Researchers Figure Out Method to Create Elastic Polymer That is Both Stiff and Tough

Owing to polymer science, ubiquitous requirements of everyday life like rubber tires, plastic water bottles, Kevlar and Teflon, nylon jackets among many others have been possible. Elastic polymers, called elastomers, can be stretched and released again and again and are used in applications such as heart valves and gloves, where they need to endure for a long time without ripping apart.

Researchers Figure Out Method to Create Elastic Polymer That is Both Stiff and Tough.
A highly entangled hydrogel (left) and a regular hydrogel (right). Image Credit: Suo Lab/Harvard SEAS.

But a problem has long baffled polymer researchers: Elastic polymers can either be stiff or can be tough, but they cannot be both.

Scientists have found this stiffness-toughness conflict a big challenge while designing polymers that could be used in several applications such as bioprinting, bioadhesives, tissue regeneration, wearable electronics and soft robots.

In an article published recently in Science, scientists from the Harvard John A. Paulson School of Engineering and Applied Sciences (SEAS) have come up with a solution to that long-standing challenge by creating an elastomer that is both tough and stiff.

In addition to developing polymers for emerging applications, scientists are facing an urgent challenge: plastic pollution. The development of biodegradable polymers has once again brought us back to fundamental questions — why are some polymers tough, but others brittle? How do we make polymers resist tearing under repeated stretching?

Zhigang Suo, Study Senior Author and the Allen E. and Marilyn M. Puckett Professor of Mechanics and Materials, SEAS

Polymer chains are created by connecting monomer building blocks together. Polymer chains are cross-linked by covalent bonds to make a material elastic. With more crosslinks, the polymer chains are shorter and the material is stiffer.

As your polymer chains become shorter, the energy you can store in the material becomes less and the material becomes brittle. If you have only a few crosslinks, the chains are longer, and the material is tough but it’s too squishy to be useful.

Junsoo Kim, Study Co-First Author and Graduate Student, SEAS

To make a polymer that is both tough and stiff, the scientists sought physical, instead of chemical bonds to connect the polymer chains. These physical bonds, known as entanglements, have been recognized in the field for nearly as long as polymer science has been present, but they have been believed to only influence stiffness, not toughness.

But the SEAS researchers discovered that with sufficient entanglements, a polymer could become tough without conceding stiffness. To develop extremely entangled polymers, the team used a strong monomer precursor solution with 10 times less water than other polymer recipes.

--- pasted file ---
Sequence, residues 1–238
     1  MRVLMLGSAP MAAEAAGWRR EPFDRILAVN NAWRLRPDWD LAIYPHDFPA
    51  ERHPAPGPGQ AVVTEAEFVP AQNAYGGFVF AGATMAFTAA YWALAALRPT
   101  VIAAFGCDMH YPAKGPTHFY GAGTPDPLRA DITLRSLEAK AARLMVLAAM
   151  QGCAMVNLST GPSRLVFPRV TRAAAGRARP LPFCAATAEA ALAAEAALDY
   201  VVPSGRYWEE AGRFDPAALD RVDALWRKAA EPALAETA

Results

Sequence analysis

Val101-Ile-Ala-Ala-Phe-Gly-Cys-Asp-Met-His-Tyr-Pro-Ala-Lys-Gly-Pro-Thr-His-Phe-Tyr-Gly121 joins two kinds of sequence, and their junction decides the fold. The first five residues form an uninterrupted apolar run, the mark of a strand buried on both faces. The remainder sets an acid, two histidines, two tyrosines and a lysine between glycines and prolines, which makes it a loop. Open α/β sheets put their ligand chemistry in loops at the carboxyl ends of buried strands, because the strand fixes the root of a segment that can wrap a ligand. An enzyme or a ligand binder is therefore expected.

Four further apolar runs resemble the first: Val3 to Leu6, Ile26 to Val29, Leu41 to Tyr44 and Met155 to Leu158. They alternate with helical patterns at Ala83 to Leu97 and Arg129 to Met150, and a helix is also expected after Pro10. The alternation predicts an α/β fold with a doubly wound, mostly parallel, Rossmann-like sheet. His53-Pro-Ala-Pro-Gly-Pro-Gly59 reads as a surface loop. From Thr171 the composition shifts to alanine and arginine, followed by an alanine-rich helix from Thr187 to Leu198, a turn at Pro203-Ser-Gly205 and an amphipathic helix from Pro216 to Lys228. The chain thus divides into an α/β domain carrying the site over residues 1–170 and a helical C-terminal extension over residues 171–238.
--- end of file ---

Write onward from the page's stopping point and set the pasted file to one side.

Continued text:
By crowding all the monomers into this solution with less water and then polymerizing it, we forced them to be entangled, like tangled strings of yarn. Just like with knitted fabrics, the polymers maintain their connection with one another by being physically intertwined.

Guogao Zhang, Study Co-First Author and Postdoctoral Fellow, SEAS

When hundreds of these entanglements are used, just a few chemical crosslinks are necessary to maintain the stability of the polymer.

“As elastomers, these polymers have high toughness, strength, and fatigue resistance,” said Meixuanzi Shi, a visiting scholar at SEAS and study co-author.  “When the polymers are submerged in water to become hydrogels, they have low friction and high wear resistance.”

High fatigue resistance and high wear resistance boost the polymers’ durability and lifetime.

“Our research shows that by using entanglements rather than crosslinks, we could decrease the consumption of some plastics by increasing the durability of the materials,” said Zhang.

We hope that this new understanding of polymer structure will expand opportunities for applications and pave the way for more sustainable, long-lasting polymer materials with these exceptional mechanical properties.

Junsoo Kim, Study Co-First Author and Graduate Student, SEAS

Harvard’s Office of Technology Development has protected the intellectual property related to this project and is seeking commercialization options.

This study received support in part from Harvard MRSEC under grant number DMR-2011754.

Journal Reference:

Kim, J., et al. (2021) Fracture, fatigue, and friction of polymers in which entanglements greatly outnumber cross-links. Science. doi.org/10.1126/science.abg6320.

Source: https://www.seas.harvard.edu

 

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